The biggest boon for entrepreneurs could be ASEAN's trade deal with itself. The ASEAN Free Trade Area aims to create a nearly tariff-free zone by 2003. "When AFTA is a reality," says Chin Yoong Kheong, a partner at Malaysia's KPMG Peat Marwick accounting firm, "businessmen will look not just at, say, Malaysia and Singapore. They will look at ASEAN, and that's a huge 400 million-people market with rising purchasing power." Big enough, some hope, to draw investors away from capital-guzzling China and India. ASEAN authorities figure the exposure to foreign competition is a fair price for the creation of "super markets" and good for competitiveness anyway. "In a borderless world," says Chin, "if you don't look beyond your own shores, your competitors will."

Mat Hassan Esa is also gearing up for the rigors of open markets and free enterprise. "Entrepreneurs must have the guts to take challenges and turn risks into opportunities," says the chief executive of Malaysia's National Entrepreneur Corp. (PUNB by its Malay initials). He believes such creators of enterprise can be made and not just born - and has $40 million in capital to prove that conviction. Since 1993, PUNB has helped nurture over 240 business people in 82 projects with total equity of $52 million. Mat Hassan's aim is to help launch 30 companies a year involving some 90 entrepreneurs. More and more of these will be eyeing opportunities overseas.

Japan too is seeking to stir the entrepreneurial drive in a land of salarymen content to spend their lives working for rather than setting up firms. Since last November, Venture Enterprise Center, an arm of the powerful Ministry of International Trade and Industry, has held seminars for prospective entrepreneurs. It first attracted 1,300 would-be participants for the 50 seats available - an excess of interest that has been maintained in subsequent sessions.

Government planners hope to ignite Japan's "third enterprise boom" for the 1990s (after those in the 1970s and 1980s). But this time, nimble firms rather than corporate heavyweights are expected to play a bigger role. Besides the enterprise seminars, officials are implementing "incubator" programs backed by interest-free loans, cheap office and factory rents, and ample equity. Authorities have also allowed five stock exchanges to list smaller firms. The various incentives may be working: one venture capital firm, JIC, has received hundreds of applications for capital, triple the number in 1990.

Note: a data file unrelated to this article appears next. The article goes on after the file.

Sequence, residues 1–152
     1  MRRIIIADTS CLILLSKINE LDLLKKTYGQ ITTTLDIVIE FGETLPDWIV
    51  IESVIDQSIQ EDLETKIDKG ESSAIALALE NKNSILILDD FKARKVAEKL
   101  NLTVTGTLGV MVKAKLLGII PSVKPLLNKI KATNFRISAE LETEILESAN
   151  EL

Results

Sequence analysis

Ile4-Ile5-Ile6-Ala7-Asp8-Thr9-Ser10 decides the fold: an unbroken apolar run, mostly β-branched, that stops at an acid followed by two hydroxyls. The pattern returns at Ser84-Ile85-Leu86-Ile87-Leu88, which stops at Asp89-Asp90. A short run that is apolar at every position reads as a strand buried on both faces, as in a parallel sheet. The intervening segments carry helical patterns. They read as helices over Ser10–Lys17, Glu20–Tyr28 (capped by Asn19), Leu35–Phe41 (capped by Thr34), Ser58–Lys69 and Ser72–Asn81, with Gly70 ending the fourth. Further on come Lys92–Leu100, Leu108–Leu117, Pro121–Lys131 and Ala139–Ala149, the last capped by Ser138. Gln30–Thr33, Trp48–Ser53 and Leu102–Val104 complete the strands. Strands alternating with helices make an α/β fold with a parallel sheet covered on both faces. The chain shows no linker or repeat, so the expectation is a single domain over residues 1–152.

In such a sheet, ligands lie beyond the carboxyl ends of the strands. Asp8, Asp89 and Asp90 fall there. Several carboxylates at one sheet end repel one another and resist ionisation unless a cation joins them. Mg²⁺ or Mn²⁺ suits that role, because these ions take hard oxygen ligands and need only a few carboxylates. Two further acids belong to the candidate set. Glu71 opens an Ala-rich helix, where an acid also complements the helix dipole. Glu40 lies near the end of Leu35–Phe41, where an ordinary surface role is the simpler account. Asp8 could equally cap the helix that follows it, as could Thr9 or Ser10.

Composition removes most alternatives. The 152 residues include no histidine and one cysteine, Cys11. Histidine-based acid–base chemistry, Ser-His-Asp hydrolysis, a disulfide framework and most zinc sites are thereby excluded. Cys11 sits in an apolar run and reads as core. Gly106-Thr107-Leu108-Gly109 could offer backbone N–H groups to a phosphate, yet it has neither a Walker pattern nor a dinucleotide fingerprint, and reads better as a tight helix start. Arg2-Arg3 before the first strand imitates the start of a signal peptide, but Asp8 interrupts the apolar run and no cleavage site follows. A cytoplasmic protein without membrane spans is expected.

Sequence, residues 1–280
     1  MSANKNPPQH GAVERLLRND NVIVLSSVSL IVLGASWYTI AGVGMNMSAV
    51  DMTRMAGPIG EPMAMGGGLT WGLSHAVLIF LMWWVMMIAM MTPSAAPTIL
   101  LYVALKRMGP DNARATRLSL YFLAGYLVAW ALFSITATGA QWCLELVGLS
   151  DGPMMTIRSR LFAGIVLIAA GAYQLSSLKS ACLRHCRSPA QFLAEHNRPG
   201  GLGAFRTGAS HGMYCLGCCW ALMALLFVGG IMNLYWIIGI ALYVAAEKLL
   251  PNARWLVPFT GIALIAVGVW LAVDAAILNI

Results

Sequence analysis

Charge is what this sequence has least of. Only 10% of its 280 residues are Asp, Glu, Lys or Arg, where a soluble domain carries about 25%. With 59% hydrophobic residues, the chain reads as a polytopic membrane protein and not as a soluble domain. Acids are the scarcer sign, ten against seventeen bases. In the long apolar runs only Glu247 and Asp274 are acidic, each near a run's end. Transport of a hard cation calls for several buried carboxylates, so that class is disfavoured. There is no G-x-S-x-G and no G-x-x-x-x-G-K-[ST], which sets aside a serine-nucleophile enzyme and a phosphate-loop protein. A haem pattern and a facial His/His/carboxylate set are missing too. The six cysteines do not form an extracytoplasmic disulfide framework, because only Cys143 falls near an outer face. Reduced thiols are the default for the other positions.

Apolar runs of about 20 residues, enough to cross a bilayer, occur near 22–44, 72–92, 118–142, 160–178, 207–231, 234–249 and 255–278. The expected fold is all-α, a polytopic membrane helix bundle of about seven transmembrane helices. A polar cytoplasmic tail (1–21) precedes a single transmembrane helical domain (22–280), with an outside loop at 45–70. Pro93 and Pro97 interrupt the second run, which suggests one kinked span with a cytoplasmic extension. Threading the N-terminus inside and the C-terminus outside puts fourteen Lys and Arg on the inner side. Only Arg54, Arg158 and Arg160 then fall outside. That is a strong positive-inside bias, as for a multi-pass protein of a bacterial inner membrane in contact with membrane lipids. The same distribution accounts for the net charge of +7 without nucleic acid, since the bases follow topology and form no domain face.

But it will take more than government support and individual drive to make it in Asia's borderless business environment. What are the key strategies for success, especially for entrepreneurs seeking to spread their wings and build nests of enterprise abroad? Gold Peak's Lo urges firms to start small and expand slowly, mastering one country at a time. "Start as a one-country operation and become competitive at home first before trying to conquer the world," says the CEO, whose company has acquired leading British loudspeaker firm KEF. "We set up plants overseas because we needed the economies of scale, but you have to have each unit as a competent center."

Few Japanese analysts expected Rengo, the country's largest manufacturer of corrugated board, to establish factories around Asia. But in the last six years, CEO Hasegawa Kaoru, a still-vigorous 72, has opened 13 plants in Southeast Asia and China, and established a regional base in Singapore, called Rengo Industrial Asia. Not just in the capitals - his factories have gone up in secondary cities like Dalian and Surabaya. Hasegawa isn't through yet; he has more ventures planned in China, the Philippines and Vietnam.

With its unwavering focus on its main business, Rengo has followed a key tenet of expanding abroad. "Entrepreneurs must ensure that their core businesses are stable and well-looked after while they engage in overseas ventures," says Tan Wee Liang, director of the Entrepreneurship Development Center of Singapore's Nanyang Technological University. "Going overseas must be put in the context of the entrepreneur's overall picture of how his business is growing." Or don't bite off more than you can chew.

In roving beyond borders, entrepreneurs look for more than export zones, tax holidays and rosy promises. Singapore clothier Lawrence Ng picked Beijing for its incentives. But in Asia nowadays, the biggest consideration is people - the ones with the right abilities, learning and attitude. Pirating them is increasingly the name of the game, especially among foreign ventures in need of staff with language skills and the right touch in relating to local workers. Paul Suttie manages Perkom, a computer services firm in Kuala Lumpur. "People are poaching from Perkom," he complains. "The challenge is how to keep the team together." Kim Joo Jin, chairman of Korean semiconductor maker Amkor Anam Pilipinas, in Laguna Technopark southeast of Manila, singles out the upgrading of technical expertise as "a critical area of consideration."